2. Climate change is likely to require new forms of social pedagogical support aimed at helping individuals and communities deal with climate-related issues, such as environmental disasters. As a field it can outline meaningful educative ways in which this support can strengthen people’s political agency and engagement as active citizens in environmental issues and other ways to support climate action, including by drawing on the creative arts to explore and highlight the impact of environmental issues and using nature as a medium for our own richer understanding of life aspects, such as interconnectedness, symbiosis, and the complex ways in which we shape – and are shaped by – our environment.

Social pedagogy is focussed on human relationships, and we assert that this should extend to human relationships with nature. We need to understand that the human rights of both present and future generations require our urgent concern with environmental rights and protecting natural resources, ecosystems and biodiversity. Our belief that social pedagogy can make a valuable contribution towards this most critical social issue of our times is echoed by the work of Prof Arto O. Salonen and his colleagues at the University of Eastern Finland, who have outlined a framework for planetary inclusion as part of a forthcoming publication in IJSP. It also builds on the brilliant work by the International Federation of Social Workers in articulating eco-social justice as part of the People’s Charter for an Eco-Social World (2023).

We welcome contributors from social pedagogy, social work, social education and other related human and environmental disciplines to present their research, conceptual contributions and/or practice insights. We particularly invite provocations that enable us to critically reflect on existing discourse and practice, pushing the boundaries of how we understand eco-social justice issues and integrate these into practice. We also welcome policy-level perspectives and learning from work in other practice contexts and from other countries across the world. We encourage authors to integrate or connect their writing to the body of literature on social pedagogy to highlight the relevance of their contribution to the discourse we have been promoting as the International Journal of Social Pedagogy.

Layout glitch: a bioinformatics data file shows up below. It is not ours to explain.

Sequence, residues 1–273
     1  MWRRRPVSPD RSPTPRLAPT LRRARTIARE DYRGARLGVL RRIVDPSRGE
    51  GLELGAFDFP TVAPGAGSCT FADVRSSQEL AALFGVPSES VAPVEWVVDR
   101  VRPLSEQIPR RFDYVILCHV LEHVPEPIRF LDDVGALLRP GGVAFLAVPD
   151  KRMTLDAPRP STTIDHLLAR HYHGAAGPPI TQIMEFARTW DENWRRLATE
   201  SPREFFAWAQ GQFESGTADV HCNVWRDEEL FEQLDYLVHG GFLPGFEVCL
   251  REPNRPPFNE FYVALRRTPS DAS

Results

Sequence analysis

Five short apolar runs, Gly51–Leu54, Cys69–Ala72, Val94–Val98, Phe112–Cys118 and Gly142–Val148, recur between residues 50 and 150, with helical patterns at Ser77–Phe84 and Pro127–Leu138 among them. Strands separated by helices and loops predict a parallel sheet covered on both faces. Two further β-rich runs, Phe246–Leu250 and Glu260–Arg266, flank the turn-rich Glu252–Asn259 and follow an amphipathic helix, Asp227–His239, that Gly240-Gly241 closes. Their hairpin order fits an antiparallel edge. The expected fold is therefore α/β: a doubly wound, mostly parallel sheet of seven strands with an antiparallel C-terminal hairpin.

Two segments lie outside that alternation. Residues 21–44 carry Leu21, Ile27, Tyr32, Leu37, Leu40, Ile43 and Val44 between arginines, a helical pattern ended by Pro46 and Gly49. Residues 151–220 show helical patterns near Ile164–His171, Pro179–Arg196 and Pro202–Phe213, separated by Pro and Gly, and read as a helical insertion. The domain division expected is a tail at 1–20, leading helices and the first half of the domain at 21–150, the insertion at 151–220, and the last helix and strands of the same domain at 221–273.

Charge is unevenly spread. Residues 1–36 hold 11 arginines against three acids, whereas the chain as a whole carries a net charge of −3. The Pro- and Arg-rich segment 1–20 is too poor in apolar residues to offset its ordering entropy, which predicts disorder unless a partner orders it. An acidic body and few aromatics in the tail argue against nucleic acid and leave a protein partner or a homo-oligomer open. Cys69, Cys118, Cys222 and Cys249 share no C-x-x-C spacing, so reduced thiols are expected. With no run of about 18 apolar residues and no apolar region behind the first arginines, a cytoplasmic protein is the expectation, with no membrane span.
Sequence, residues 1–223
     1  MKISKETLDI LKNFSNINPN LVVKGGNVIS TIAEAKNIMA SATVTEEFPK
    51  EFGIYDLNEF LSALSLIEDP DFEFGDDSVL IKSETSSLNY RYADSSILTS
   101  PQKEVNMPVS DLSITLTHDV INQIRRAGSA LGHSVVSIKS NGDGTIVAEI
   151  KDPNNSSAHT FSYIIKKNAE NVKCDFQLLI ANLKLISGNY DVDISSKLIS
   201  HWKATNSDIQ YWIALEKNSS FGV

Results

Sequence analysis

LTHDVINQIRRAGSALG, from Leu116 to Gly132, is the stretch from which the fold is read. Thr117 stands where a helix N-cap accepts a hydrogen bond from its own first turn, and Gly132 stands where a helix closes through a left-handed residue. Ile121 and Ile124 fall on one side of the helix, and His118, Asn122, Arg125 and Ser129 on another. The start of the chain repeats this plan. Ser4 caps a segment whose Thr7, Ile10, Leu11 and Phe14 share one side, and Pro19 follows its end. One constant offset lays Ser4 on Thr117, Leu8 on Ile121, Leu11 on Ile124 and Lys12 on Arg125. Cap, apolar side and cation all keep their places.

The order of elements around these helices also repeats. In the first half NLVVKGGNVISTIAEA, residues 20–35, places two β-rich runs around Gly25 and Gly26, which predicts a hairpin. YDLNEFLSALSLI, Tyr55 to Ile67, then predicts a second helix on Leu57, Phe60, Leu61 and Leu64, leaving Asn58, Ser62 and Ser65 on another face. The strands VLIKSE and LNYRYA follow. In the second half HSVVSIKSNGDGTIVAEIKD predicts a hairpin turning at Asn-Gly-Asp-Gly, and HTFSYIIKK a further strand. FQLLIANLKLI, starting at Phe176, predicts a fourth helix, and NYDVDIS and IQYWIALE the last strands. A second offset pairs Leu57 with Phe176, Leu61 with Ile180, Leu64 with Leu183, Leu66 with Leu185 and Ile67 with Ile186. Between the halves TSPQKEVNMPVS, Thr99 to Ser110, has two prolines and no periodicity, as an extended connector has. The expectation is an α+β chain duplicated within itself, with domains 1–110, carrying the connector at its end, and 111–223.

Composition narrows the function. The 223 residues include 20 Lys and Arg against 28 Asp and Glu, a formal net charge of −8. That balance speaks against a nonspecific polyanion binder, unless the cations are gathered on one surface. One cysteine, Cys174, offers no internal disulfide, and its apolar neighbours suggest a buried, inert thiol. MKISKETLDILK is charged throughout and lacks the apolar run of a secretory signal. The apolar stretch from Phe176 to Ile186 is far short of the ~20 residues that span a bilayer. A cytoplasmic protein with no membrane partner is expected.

Submission to this special issue

Please send early expressions of interest to the IJSP Editorial Office ( by July 15th, 2024 in the form of an abstract of 300-500 words, up to six references, and a 50-word biographical statement.

Successful authors will be invited by July 31st, 2024 to submit a full draft for editorial review by December 31st, 2024 through the journals online submission system. Please consult the notes for authors on the journal’s webpage here.

For enquiries about your ideas please email the special issue editors, who will be happy to provide further guidance. The journal is keen to encourage new and existing writers and as such we can offer support in a variety of ways, e.g. for new writers, or for writers who are less confident about writing in English.